Real Men of Genius

Christopher Wren

Architect

Real Men of Genius - Christopher Wren

This Real Men of Genius interview with Sir Christopher Wren cannot be better endorsed than by the words of his son, Christopher Wren Jr, which are written upon his tomb in St Paul’s cathedral:  

Here in its foundations lies the architect of this church and city, Christopher Wren, who lived beyond ninety years, not for his own profit but for the public good.  Reader, if you seek his monument – look around you. 

Education

Question

Sir Christopher, you were born on 20 October 1632, I understand.  Could you please tell us a little more about where you were born and about your education?

Answer

I was born in East Knoyle in Wiltshire where my father was rector.  We moved to Windsor some time afterwards.

After a short period at Westminster School, which I left at the age of 14, I worked for Sir Charles Scarburgh as an anatomy assistant and Latin translator before going up to Wadham College, Oxford two or three years later.  I graduated in 1651.

Question

And your MA followed shortly?


Answer

I received my MA in 1653 and around the same time was elected a fellow of All Souls and undertook research.  In 1657 I was appointed Professor of Astronomy at Gresham College, London.

Real Men of Genius – The Royal Society

Question

How did the Royal Society come to be formed?

Answer

I met regularly with a group of philosophers and scientists whilst at Oxford.  The same group attended my London lectures and this was formalised in 1660.  The Society was formalised in 1662 and Charles II gave it the Royal Charter.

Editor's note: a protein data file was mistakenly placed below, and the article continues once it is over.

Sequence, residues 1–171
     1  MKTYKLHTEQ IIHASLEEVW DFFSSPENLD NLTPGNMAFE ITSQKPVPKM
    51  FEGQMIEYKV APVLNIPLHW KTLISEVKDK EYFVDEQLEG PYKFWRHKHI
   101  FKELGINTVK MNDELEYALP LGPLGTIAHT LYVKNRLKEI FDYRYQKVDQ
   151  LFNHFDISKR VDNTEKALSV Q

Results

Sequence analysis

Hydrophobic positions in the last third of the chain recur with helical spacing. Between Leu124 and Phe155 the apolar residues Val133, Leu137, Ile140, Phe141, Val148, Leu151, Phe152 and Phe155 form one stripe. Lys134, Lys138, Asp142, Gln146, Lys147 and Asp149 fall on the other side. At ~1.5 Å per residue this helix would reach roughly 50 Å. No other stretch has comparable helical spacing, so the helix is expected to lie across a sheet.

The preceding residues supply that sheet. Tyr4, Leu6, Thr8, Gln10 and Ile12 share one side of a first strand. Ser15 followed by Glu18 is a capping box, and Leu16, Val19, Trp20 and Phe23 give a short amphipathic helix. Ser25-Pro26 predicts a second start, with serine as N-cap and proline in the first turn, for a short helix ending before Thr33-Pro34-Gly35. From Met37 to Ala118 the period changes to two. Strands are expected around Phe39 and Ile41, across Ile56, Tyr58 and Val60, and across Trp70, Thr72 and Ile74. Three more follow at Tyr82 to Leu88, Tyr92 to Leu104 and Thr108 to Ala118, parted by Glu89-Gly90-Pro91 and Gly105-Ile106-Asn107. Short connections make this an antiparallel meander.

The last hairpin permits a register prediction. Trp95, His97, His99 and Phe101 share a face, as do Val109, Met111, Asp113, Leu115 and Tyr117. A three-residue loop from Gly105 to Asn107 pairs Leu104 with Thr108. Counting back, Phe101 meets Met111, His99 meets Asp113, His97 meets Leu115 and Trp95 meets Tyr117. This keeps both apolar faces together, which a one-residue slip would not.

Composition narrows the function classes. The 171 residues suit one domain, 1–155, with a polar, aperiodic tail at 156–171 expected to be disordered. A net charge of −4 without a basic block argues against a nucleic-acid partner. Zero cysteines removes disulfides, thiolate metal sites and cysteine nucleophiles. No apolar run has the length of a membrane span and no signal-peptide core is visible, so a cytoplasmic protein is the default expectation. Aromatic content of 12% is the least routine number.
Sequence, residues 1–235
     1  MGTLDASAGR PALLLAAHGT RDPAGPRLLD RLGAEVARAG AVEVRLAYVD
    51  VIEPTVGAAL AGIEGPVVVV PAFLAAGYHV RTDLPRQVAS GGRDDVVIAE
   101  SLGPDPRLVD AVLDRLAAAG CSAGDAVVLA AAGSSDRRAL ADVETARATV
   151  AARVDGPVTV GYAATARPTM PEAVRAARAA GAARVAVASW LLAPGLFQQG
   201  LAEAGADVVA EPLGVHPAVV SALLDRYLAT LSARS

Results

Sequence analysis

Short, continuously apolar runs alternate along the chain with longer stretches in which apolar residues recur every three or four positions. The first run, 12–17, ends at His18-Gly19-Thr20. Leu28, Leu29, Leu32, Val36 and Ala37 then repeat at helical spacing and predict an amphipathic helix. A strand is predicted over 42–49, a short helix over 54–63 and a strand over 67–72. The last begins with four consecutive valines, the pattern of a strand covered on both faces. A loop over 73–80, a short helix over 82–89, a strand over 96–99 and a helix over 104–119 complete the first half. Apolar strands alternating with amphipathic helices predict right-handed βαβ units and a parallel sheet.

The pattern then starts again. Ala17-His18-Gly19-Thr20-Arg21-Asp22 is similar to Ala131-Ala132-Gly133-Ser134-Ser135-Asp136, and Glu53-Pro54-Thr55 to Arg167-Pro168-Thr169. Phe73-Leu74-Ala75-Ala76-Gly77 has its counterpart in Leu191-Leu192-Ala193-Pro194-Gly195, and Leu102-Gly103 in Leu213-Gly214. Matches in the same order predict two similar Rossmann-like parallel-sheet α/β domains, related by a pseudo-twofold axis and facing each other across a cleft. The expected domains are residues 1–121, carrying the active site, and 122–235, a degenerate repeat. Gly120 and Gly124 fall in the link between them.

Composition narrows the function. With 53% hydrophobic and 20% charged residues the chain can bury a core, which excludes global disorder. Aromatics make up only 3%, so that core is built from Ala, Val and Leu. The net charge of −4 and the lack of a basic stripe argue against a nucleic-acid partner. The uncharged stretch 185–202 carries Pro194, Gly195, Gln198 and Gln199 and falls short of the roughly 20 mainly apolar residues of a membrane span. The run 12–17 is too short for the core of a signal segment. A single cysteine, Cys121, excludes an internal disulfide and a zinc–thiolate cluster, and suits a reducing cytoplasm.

Question

That was shortly after you were appointed Savilian Professor of Astronomy at Oxford?

Answer

Yes, in 1661.  I held the chair until 1673.  During that period I drew up plans for long term weather forecasting, but I understand they were not realised for another 300 years.

Real Men of Genius - architecture

Question

Your very many studies included physics and engineering?

Answer

Indeed, and I believe these led to my interest in architecture.

Question

You soon received commissions?

Answer

Yes.  I was asked to design the Sheldonian Theatre in Oxford and a chapel for Pembroke College, Cambridge.

Real Men of Genius – the Great Fire

Question

You rebuilt part of Hampton Court Palace and then came the Great Fire that ripped the heart out of London.

Answer

London was undoubtedly a fire hazard at that time with so many wooden buildings and so much congestion.  We hadn’t really learned from the fire in 1632 and the narrow streets and overhanging jetties were dangerous.

It had been a long hot summer before the fire started in a bakery in Pudding Lane.  Within the space of four days two thirds of London had been destroyed.

Question

Were you asked to submit a plan for redesigning the capital?

Answer

I was, but it was not adopted.  I believe it would have been the envy of Europe.  My mathematical plan encompassed broad avenues and would have been a startling contrast to that which existed before.

Question

Where did you gain such a thorough understanding of architecture?

Answer

I acquired a thorough understanding of modern construction and design when I visited Paris.  It seemed to me that architecture was more than a set of design formulas and rules;  they also needed to be supplemented by intuition, imagination and experience.